Rats As Pets

Rats as Pets

Smart, inquisitive, cute, friendly… Rats have many qualities that make them a rewarding pet to own. Hilarious and touchingly affectionate, they’re a joy to welcome into the family! Here’s some things to know before getting your new friends.


The best things come in twos – or more! Highly sociable animals, rats should have at least one same-sex friend to spend their days with in addition to your company. Many pet shops and most breeders now work on this policy and will not sell a rat unless paired.


Rats are energetic creatures that enjoy exploring, climbing, playing, jumping, tunneling and nesting. Many cages marketed toward rats are below satisfactory size. Instead, cages aimed at ferret-owners make a better browsing choice. Often you can acquire a good cage second-hand for a fraction of the original price. The cage should contain nesting ‘igloos’, along with platforms, ladders, ropes or tunnels. Soft fleece can be used as bedding. Wire surfaces should be covered to prevent injuries from feet getting caught in-between. Rats can be easily trained from young to use a litter tray, however this works mainly for #2’s; They’ll pee where they wish!


For a healthy rat, aim to provide a dry mix consisting of an all-in-one vitamin/nutrient pellet such as ‘Selective Rat’, grains, seeds, flakes and nuts (sparingly). Give fresh vegetables and fruit several times a week. Calcium supplements such as Liquivet can be added to water to aid growth and development. (Citrus fruits should not be given to male rats, due to studies linking it to cancer.)

Giving your rat occasional treats from your plate is a nice way to bond, and they are happy to eat almost anything, which also includes junk food! Their cute, begging faces make it easy to over-feed them or be tempted to give them rubbish, so be responsible and exercise moderation.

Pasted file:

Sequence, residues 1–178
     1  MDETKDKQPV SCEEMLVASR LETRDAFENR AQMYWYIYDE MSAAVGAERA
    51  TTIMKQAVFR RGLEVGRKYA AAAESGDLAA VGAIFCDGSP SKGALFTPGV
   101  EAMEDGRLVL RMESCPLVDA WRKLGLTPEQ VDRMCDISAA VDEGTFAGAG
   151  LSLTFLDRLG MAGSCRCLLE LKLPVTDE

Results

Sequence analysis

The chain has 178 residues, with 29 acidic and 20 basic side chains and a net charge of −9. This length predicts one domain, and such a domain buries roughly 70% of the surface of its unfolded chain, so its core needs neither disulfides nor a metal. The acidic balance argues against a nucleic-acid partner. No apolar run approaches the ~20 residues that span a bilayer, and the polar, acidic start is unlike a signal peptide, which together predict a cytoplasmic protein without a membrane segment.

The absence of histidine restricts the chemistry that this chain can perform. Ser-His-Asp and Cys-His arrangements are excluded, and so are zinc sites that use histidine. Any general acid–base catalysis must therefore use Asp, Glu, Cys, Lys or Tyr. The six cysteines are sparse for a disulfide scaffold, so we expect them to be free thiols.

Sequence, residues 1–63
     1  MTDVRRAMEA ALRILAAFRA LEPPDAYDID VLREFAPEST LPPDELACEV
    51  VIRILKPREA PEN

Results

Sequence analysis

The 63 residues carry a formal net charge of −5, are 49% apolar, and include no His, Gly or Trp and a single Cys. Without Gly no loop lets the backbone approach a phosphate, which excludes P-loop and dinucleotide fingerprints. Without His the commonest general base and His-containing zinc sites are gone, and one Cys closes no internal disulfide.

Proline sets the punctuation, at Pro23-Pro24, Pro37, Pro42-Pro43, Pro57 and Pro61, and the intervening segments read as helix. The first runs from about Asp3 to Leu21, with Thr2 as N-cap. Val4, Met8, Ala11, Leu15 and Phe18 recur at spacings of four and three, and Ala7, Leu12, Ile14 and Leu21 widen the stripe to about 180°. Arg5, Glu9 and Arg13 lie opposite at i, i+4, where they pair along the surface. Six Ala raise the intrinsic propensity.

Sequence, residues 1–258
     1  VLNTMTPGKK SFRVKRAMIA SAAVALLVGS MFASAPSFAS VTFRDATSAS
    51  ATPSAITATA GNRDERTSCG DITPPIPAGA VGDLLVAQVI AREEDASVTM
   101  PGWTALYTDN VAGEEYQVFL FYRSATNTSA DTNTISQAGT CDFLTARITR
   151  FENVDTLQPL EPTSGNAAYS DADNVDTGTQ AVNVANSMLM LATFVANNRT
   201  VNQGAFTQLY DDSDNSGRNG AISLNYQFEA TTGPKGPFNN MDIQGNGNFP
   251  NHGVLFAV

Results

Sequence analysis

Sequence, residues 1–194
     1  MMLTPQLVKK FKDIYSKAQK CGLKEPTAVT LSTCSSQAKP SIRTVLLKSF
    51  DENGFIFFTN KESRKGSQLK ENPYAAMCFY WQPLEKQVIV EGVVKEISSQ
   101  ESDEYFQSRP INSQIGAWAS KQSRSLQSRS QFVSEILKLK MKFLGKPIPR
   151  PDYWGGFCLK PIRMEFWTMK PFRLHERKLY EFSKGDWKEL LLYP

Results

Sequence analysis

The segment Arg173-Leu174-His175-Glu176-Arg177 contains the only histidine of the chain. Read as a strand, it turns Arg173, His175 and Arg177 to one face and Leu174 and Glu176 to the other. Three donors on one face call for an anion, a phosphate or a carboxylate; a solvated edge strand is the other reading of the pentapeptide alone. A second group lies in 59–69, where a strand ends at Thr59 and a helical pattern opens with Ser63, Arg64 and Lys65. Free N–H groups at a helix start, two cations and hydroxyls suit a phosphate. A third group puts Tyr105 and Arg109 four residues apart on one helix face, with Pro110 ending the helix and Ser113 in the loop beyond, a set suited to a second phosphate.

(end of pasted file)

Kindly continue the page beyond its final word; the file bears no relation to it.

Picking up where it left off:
Arguably, all fancy rats are born with a virus called Mycoplasma. A type of bacteria that lives within the rats’ lungs, its presence is characterised by occasional ‘hiccupping’. On it’s own, it usually doesn’t affect the rat much, but it can make them more susceptible to secondary respiratory infections. Because of this, it’s important to keep your rats away from drafts, cold, damp, fluctuating temperatures and soiled bedding.

The Right Touch:

To pick your rat up correctly, begin by gently cupping the sides with palms flat, sliding underneath, scooping them up whilst making sure their limbs are supported, and calmly bringing them close to your body (or on the shoulder). Alternatively, slide your palm underneath and lift. As a general rule, never grab them at the waist, nor hold them out in the air. Rats particularly dislike being pulled out of entry-ways like cage doors. Wait until they are partially out the door so you can use the scoop or lift technique.

When rats are very happy they perform two significant actions: ‘bruxxing’ and ‘boggling’. Bruxxing involves a rhythmic grinding of the teeth; the result of this is the eyeballs ‘boggle’ outward. This can be odd to newbies, but it’s great to have such clear feedback of how your rat is feeling. Sometimes, rats do this to self-soothe in times of stress, so it’s important to observe the overall situation.

So, there are some basics to get you started on your rat journey! For more in-depth information on each of the topics covered… (coming soon).